Image copyright Getty Images Image caption Politicians will be asked to support changing the law to allow assisted dying The Canadian government has put forward a bill to make medically-assisted death available to people who are not terminally ill.The bill opens the door to allowing Canadians with degenerative illnesses like cerebral palsy to seek medically-assisted…
The Canadian government has put forward a bill to make medically-assisted death available to people who are not terminally ill.
The bill opens the door to allowing Canadians with degenerative illnesses like cerebral palsy to seek medically-assisted death.
Health minister Patty Hajdu said the proposal would protect vulnerable people while giving Canadians autonomy.
It was introduced in parliament on Monday and has cross-party support.
The legislation was precipitated by a 2019 Quebec Superior Court decision that struck down the requirement for patients to prove their natural death was “reasonably foreseeable” in order to seek to terminate their life.
Justice Christine Baudouin said the requirement infringed on the “life, liberty and security of the person” and was thus unconstitutional.
She sided with the plaintiffs, Nicole Gladu, 74, and Jean Truchon, 51, in the high profile case last autumn.
Both plaintiffs had degenerative illnesses that had worsened to the point that they had lost all their autonomy. They experienced persistent and irremediable suffering, their lawyer Jean-Pierre Ménard argued.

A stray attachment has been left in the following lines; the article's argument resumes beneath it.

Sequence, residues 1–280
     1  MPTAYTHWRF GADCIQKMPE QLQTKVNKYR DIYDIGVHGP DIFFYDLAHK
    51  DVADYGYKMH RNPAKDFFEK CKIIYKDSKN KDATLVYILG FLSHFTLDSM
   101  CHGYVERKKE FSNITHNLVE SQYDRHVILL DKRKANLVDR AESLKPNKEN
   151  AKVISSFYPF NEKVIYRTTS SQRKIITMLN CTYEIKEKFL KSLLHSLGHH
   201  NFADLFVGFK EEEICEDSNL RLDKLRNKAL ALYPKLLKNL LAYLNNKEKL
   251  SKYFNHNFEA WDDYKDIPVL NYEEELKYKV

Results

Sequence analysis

Mr Truchon had cerebral palsy, and Ms Gladu had post-polio syndrome, and both wanted medical assistance to end their lives.
However, advocates for people with disabilities, including the Council of Canadians with Disabilities, have said the court decision sent the message that “having a disability is a fate worse than death”.
They urged the government to appeal the Quebec court ruling, which it declined to do.
On Monday, Prime Minister Justin Trudeau’s Liberal government brought forward the assisted death bill.
It would create a two-track system for determining a person’s eligibility. One track for people who are terminally ill, and one track for people who are not.
Patients in both tracks must prove they are facing “intolerable” suffering.
The bill would explicitly exclude eligibility for individuals suffering solely from mental illness.
The minority government will need the support of parliamentarians from other parties to pass the bill. NDP leader Jagmeet Singh has previously signalled support for expanding assisted dying.
Canada made medically-assisted death legal in September 2016, becoming one of the few places in the world where it is legal to help sick people die.
More than 13,000 Canadians have been given a medically-assisted death, according to data provide by the justice department. Two-thirds of patients receiving an assisted death cited cancer as the underlying reason, followed by neurological conditions and cardiovascular or respiratory conditions.
Medically assisted deaths counted for 1.89% of all deaths in Canada in 2019.
The bill’s proposed changes also ease some safeguards previously put in place for people who are terminally ill, such as allowing advanced consent for people who are dying but may lose capacity for consent.
Under Canadian law, patients with diseases like dementia were eligible for a medically assisted death, but had to have it administered before they lost their capacity to legally give their consent.
The government said this criteria led people to end their lives earlier, “robbing them of time”.